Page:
Loading
Search
NEWS STORIES

Bill advances to let hunters use crossbowsSubmitted: 09/18/2013
Bill advances to let hunters use crossbows
Story By Associated Press

MADISON - Archery hunters may have a better shot at bagging a buck, as a bill moves forward to let them use crossbows.

The state Senate approved a bipartisan bill yesterday that would allow hunters to use crossbows during bow deer season.

Currently only physically disabled hunters or hunters over age 65 can use crossbows.

The bill's supporters argue allowing open crossbow hunting would expand hunting opportunities.

The bill would also spare disabled hunters the required physical examination needed to get a permit.

Some bow hunters worry allowing crossbows would taint traditional bow hunting.

The Senate passed the bill by a voice vote.

The bill includes a two-year pilot program for open crossbow hunting starting next year.

It now heads back to the Assembly, which passed a nearly identical version of the proposal unanimously in June.

(Copyright 2013 Associated Press - All Rights Reserved)


Text Size: + Increase | Decrease -
| Print Story | Email Story
Sponsored in part by HodagSports.com





 IN OTHER NEWS

CHIPPEWA FALLS - A World War II veteran who spent more than a year as a prisoner of war is finally being awarded the Purple Heart.

The Leader-Telegram reports that 94-year-old Max Bergen will receive the medal Friday. The Wisconsin man says he's overwhelmed and stunned by the honor.

Bergen was serving on a bomb squadron when he was shot down over Germany in 1944. He was held prisoner at a camp in Austria for 14 months.

Bergen suffered shoulder and ankle wounds in the crash, but he had no paperwork about the injuries because he was immediately taken prisoner. Such documentation is needed for the medal that honors troops injured in combat.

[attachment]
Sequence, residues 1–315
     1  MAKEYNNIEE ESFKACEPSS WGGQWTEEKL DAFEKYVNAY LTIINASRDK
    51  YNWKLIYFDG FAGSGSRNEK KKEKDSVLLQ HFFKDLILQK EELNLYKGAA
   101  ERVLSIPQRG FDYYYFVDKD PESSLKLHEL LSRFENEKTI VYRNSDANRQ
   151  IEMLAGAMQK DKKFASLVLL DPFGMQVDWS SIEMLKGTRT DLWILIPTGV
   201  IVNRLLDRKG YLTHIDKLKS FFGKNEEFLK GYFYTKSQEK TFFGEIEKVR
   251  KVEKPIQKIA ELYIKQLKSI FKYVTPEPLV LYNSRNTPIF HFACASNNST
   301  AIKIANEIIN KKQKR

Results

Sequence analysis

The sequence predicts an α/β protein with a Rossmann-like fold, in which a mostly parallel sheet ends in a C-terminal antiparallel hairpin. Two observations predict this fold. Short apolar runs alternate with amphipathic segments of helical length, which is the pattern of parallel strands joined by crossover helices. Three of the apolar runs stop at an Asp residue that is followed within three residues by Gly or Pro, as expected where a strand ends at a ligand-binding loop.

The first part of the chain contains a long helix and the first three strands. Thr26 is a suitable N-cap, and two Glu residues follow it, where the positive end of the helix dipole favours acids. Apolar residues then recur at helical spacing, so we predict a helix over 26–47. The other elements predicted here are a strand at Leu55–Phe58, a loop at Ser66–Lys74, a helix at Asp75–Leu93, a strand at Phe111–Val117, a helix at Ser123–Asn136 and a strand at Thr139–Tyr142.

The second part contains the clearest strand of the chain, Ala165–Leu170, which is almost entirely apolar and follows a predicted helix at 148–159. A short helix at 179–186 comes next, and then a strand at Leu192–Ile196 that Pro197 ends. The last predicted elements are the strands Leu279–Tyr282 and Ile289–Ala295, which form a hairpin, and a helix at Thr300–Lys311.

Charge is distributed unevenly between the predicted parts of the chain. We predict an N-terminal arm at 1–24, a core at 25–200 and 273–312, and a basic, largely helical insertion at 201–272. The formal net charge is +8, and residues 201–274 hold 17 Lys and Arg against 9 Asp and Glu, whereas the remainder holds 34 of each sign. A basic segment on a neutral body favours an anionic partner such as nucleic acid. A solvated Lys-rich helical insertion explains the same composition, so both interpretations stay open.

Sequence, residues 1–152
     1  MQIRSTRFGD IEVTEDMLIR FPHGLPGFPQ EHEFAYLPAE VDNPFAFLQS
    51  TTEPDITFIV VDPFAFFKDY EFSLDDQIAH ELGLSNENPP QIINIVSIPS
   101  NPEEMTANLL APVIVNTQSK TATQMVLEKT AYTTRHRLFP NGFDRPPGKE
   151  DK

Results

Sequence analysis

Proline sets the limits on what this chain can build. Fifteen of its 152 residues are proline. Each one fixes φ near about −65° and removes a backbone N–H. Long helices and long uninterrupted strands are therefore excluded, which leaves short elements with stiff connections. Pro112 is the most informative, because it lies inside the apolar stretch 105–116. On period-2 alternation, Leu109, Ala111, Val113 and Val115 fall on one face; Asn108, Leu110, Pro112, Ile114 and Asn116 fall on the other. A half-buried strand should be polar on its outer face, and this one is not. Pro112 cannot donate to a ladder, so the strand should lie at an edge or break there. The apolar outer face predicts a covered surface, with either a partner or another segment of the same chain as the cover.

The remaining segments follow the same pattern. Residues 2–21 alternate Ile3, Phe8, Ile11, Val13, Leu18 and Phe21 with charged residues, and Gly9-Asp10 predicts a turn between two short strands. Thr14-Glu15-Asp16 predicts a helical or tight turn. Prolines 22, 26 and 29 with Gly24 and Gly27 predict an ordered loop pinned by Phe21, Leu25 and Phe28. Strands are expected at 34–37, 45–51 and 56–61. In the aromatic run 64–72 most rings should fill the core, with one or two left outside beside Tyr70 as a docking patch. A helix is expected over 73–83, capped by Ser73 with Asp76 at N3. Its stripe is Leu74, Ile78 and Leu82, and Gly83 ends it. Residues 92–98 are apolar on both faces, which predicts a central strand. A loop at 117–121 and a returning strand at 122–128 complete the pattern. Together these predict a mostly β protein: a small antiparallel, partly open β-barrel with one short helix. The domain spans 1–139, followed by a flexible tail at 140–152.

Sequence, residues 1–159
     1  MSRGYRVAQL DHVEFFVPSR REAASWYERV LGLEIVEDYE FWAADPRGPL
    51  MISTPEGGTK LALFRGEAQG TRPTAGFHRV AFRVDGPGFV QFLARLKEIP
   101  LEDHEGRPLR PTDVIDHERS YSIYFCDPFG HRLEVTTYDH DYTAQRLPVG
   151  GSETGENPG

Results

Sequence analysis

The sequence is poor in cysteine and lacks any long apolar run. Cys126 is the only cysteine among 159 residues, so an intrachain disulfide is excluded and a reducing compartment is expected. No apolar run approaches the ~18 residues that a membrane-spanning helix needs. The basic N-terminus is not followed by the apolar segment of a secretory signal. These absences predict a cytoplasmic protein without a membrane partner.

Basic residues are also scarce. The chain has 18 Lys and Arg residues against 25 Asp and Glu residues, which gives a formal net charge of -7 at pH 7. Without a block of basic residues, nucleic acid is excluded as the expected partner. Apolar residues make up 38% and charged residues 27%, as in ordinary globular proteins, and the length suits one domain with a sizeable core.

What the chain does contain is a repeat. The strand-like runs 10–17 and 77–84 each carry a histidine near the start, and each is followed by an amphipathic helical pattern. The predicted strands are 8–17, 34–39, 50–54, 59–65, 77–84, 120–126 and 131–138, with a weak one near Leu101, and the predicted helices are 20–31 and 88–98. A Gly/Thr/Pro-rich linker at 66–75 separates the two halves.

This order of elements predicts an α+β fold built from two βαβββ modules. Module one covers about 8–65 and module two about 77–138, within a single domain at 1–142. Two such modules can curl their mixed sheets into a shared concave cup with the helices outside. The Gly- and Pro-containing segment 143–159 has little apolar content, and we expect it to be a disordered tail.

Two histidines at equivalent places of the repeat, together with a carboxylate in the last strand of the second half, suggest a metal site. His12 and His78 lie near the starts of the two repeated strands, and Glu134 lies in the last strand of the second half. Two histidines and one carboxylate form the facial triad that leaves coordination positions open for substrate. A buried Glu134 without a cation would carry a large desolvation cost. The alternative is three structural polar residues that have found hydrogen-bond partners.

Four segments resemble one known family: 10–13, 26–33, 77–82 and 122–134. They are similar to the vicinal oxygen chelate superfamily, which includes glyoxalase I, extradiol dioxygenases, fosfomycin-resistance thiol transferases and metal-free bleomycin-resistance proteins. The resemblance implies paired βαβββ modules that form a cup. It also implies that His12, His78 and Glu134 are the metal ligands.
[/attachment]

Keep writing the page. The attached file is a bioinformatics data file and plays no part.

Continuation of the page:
+ Read More

HOUGHTON - River Valley Bank will accept donations for flood victims in Houghton and the surrounding area. 

Anyone can make a donation online or in person at a River Valley Bank. 

+ Read More

TOWN OF BUENA VISTA - A motorcyclist died Thursday night after crashing in Portage County.

The Portage County Sheriff's Office reports the 20-year-old man was riding on County Highway J in the Town of Buena Vista around 7:00 p.m. when he lost control on a curve and went off the road.  The rider hit a utility pole and died at the scene.

Police are not identifying the man until Friday, but they did report he was from the Town of Almond.

+ Read More

MADISON - A judge has sentenced a former University of Wisconsin-Madison student who pleaded guilty to sexually assaulting three female students and choking or stalking two others to three years behind bars.

WKOW-TV reports Dane County Circuit Judge Stephen Ehlke sentenced 22-year-old Alec Cook of Edina, Minnesota, on Thursday to three years in prison and five years of extended supervision.

+ Read More

Play Video

TOMAHAWK - Tomahawk worked for nearly 20 years to buy property to connect the city to nearby trail systems.

But bikers will have to wait another year for the connection.

The city now expects the path to be finished next August or September.

The project got pushed back because the Wisconsin Department of Transportation can't fund its part of the project this year.

Tomahawk is still ready for the addition.

+ Read More

Play Video

RHINELANDER - More than 10,000 cars pass through one of the area's busiest intersections each day: Highways 8 and 47 on Rhinelander's west side.  But next year, all those cars might need to go around the intersection as construction for a roundabout gets started.

The Department of Transportation is considering two options for traffic flow as crews build an approximately $2 million roundabout.

Option 1: the intersection largely stays open as a "T", but Kemp Street gets closed completely.

Option 2: widened off-ramps detour traffic around the intersection to Boyce Drive or Kemp Street.

+ Read More

Play Video

ANTIGO - Ten years ago, an Antigo woman started working as a cook and fill-in waitress at a Country Kitchen, but she didn't want to stop there. 

"I took on management and then a year ago, I decided, well, might as well just buy the place and there [are] always jumps and leaps, but everything has worked out perfectly. I wouldn't change anything," said Lisa Summ. 

+ Read More
+ More General News
Search: 





Click Here